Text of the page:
As QR menus become more of a common ordering mode for guests, operators are finding more ways to customize and use them. With systems like GoTab, operators can turn QR menus on and off based on filters like time of day, day of week, or even how the order is expedited. Holiday menus are a perfect example of this because they tend to be more limited and customized for the occasion. Many operators also offer special promotions for holidays such as early ordering discounts, bundles, coupons and gift cards to name a few. Another good example is special events. For large catering events, you can create a special event QR menu that offers “zero dollar” items for order.
One of the most creative, and some would find comical, examples we’ve come across of a QR Menu that drives customer behavior is at a large winery and brewery in Northern Virginia. They have over seven acres of available space, and when the weather is nice, they have a hard time getting their guests to leave. They always offer last call when it’s time to close — they had fairly limited hours during the pandemic — but that wasn’t always effective. So they started doing something that was pretty clever. At the appointed close time, they turned off their QR menu! A pretty polite, but direct way of saying, it’s time to go home!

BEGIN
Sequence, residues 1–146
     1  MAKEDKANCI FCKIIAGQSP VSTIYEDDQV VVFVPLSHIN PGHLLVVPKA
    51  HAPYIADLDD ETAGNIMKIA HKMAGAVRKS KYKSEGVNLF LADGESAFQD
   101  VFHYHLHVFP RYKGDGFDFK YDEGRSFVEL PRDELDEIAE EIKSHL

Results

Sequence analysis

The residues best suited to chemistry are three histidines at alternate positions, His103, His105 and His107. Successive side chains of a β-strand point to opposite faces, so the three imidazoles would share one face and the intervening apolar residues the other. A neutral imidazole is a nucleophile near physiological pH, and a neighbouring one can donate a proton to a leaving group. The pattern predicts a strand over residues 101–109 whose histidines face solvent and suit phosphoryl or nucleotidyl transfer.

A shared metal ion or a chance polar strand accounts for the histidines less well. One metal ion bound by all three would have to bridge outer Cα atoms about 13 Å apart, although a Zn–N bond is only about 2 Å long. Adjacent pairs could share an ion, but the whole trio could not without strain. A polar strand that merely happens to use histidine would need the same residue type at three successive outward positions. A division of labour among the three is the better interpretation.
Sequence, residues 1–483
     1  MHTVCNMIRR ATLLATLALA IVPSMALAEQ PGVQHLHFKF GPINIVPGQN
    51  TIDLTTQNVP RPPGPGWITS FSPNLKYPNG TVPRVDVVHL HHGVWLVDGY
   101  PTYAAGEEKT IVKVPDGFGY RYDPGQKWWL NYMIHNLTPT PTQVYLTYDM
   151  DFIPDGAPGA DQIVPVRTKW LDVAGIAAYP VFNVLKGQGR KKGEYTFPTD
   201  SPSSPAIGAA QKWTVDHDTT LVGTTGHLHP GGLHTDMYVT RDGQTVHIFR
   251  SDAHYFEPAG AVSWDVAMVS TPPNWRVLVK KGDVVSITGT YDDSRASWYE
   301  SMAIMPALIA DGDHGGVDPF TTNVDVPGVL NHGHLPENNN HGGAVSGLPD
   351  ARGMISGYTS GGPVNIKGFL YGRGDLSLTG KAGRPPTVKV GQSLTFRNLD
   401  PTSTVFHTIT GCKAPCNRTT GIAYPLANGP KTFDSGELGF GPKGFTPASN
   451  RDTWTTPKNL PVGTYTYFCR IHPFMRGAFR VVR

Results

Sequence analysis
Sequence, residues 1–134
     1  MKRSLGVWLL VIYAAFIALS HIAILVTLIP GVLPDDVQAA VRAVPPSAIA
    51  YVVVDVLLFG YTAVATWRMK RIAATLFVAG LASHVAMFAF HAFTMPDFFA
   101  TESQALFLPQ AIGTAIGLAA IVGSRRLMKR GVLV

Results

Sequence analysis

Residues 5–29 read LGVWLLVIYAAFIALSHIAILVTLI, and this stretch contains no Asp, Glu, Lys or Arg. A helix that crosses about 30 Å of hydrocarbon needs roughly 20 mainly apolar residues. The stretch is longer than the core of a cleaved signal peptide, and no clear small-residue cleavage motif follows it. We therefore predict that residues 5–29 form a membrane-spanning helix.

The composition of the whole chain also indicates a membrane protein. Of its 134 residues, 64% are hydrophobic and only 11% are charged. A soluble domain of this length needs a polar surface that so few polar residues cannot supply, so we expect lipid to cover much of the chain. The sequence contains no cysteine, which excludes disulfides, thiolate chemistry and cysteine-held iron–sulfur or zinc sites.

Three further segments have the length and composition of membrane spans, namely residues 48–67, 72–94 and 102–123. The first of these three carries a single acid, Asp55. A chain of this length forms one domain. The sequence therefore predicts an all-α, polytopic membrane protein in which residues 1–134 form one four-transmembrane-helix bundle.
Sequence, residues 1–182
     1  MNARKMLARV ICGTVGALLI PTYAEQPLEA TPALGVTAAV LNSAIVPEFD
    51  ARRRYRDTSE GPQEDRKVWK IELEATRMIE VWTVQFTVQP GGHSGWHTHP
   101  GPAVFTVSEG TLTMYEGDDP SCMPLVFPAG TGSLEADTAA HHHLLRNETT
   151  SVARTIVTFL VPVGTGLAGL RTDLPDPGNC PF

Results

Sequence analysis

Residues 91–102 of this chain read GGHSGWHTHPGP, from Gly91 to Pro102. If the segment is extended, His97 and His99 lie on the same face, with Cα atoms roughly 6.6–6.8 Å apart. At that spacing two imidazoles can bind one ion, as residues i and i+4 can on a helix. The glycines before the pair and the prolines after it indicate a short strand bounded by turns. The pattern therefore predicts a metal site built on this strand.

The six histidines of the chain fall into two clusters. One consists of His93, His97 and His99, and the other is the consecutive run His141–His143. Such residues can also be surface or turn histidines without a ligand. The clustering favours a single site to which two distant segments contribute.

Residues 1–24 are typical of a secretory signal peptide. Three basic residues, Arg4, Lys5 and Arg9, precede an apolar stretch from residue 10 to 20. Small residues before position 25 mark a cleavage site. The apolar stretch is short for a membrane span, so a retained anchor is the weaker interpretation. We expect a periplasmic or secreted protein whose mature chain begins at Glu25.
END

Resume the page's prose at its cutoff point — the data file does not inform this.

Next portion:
5. Add comments and notify guests when popular items in your QR menu change.
For example, when 86-ing items, be sure to indicate that the item is no longer available at the current time. GoTab allows you to permanently 86 an item — meaning it will never return to the menu — or temporarily 86 it for a specific period of time. For popular items, it’s always good to let guests know that an item is temporarily unavailable, versus just removing it from the QR menu. The same holds for other menu changes. With GoTab’s optional two-way text communication feature, guests can also message the kitchen, but keeping the messaging within the QR menu is generally a better experience.